Where have you performed? What are your favourite and least favourite venues? Do you have any upcoming shows?
I went on a UK tour earlier this year and it was amazing to see how different crowds reacted to my stuff. I thought they maybe wouldn’t get the accent in Manchester for example, but they were probably the most buzzing crowd on the tour. Amazing bunch of people down there.
I love Leith Depot in Edinburgh as they are doing so much for the scene and the venue is just the right vibe for me! I encourage you all to go to gigs there as there is something weird & wonderful on every night.
I would never name names but I once did get booked to play in a venue and the sound engineer was a complete dick to me! He was partly the inspiration for my song ‘Poets & Flat Caps’, which is about sexism in the Scottish scene.
What do you think about downloading music online?
I used to think it was great but now I’ve recorded & released stuff myself I always buy a CD at a gig if I like the artist, rather than online. It costs a lot for independent artists to get their music distributed, let alone the shabby percentage they take home from the company selling their songs for them. So the best way to put the cash in the artist’s hands is by going to their gigs & buying something from them directly.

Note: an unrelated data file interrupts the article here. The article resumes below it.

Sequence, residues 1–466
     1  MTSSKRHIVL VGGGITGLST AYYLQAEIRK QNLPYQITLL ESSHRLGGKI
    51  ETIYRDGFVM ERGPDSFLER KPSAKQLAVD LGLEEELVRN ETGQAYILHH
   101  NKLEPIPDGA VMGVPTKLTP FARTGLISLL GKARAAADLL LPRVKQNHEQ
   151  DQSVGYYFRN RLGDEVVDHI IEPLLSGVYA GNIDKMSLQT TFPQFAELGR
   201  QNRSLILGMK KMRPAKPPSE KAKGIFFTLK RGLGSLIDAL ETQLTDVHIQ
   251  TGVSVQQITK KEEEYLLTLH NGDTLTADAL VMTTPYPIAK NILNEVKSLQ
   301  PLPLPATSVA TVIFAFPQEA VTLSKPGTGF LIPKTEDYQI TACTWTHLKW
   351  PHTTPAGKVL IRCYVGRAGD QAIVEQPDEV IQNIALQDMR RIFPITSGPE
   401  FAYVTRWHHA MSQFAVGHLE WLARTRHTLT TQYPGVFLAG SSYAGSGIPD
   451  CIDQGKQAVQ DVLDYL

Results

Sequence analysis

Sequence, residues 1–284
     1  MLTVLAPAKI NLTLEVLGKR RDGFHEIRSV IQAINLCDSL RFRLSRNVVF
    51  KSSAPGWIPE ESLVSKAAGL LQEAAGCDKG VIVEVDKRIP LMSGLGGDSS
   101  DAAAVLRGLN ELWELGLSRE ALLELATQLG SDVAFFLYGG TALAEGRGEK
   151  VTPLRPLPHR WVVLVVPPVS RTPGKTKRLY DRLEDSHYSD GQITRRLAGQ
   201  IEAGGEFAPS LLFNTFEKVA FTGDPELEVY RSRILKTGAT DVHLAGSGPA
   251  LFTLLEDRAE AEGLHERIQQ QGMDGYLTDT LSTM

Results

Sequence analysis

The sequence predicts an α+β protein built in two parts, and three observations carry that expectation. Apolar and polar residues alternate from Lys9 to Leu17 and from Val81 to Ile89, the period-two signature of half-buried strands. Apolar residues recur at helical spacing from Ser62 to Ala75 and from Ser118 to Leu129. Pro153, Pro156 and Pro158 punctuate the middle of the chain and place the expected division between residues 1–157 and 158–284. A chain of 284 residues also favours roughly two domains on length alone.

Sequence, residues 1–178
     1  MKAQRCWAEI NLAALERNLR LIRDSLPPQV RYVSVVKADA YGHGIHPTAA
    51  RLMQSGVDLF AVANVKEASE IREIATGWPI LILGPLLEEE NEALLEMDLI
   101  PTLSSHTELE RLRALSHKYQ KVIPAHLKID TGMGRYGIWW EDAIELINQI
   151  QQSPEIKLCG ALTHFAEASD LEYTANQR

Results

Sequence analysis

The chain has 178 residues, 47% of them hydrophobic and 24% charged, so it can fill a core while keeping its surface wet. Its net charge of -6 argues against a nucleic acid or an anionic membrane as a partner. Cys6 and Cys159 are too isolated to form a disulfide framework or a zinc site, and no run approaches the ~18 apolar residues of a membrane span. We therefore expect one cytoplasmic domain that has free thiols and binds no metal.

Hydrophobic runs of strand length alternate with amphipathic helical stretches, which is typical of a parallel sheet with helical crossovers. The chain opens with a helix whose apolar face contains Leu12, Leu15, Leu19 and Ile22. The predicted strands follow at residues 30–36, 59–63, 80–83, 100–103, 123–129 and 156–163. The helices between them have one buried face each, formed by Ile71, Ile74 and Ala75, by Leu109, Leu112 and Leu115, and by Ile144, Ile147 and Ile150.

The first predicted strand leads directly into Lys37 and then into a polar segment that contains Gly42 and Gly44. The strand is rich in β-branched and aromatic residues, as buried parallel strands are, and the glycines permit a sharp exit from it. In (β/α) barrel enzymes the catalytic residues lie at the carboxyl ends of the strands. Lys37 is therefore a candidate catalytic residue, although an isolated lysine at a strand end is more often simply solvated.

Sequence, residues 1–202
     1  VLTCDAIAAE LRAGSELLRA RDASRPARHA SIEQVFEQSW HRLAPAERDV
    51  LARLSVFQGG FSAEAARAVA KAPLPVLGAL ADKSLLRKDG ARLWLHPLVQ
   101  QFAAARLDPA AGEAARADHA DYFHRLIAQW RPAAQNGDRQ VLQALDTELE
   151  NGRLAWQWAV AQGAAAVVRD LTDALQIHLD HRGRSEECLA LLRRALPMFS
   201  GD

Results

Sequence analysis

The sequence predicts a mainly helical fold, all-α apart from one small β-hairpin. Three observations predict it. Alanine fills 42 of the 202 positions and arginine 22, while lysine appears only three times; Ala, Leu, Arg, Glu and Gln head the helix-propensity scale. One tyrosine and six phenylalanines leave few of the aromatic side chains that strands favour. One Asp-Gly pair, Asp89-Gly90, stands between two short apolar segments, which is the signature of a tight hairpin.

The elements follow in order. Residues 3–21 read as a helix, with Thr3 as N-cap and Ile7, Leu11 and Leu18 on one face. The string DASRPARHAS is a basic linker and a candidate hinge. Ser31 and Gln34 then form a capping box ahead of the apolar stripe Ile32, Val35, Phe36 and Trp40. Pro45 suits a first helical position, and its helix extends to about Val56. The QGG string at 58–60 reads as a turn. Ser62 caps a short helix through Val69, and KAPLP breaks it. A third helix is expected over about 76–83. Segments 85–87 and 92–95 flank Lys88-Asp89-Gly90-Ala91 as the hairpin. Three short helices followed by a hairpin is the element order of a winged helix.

What’s your outlook on the record industry today?
As a musician, I make music because I love it and it’s super fun. The industry is making about 20% what it did ten years ago so it’s kinda dying off. It would be nice to have someone come along and say “Here’s £30,000 go and make a record”. I would be over the moon. But then I enjoy the freedom I have now. I think there’s a lot of packaged artists out there who are designed to sell, and losing creative control would be pointless to me. I’m a writer & vocalist above all else, so to sing modified versions of my songs or have to change my accent would be a deal breaker for me.
I’d say rather than moaning about the tripe that’s on the radio, people should come out to see shows and support local music. They would find so much that they enjoyed and it’s a lot more exciting than watching X factor. Every so often there will be an amazing pop song on the radio and then I’m like “YAS it’s not so bad!” But 1 banger every year isn’t quite good enough, especially when there are bars throughout Edinburgh alone filled with amazing bands like Fistymuffs, The Micro Band & Teen Canteen.
And a fun little question to finish it off….If you could have dinner with any famous person, living or dead, who would it be and why?
It would have to be Amy Winehouse, as she is such a massive inspiration & influence on me lyrically. People don’t realise that she was an amazing jazz guitarist too. I’d ask her round for tea at my flat and have a wee jam afterwards.
First Published on: www.newhellfireclub.co.uk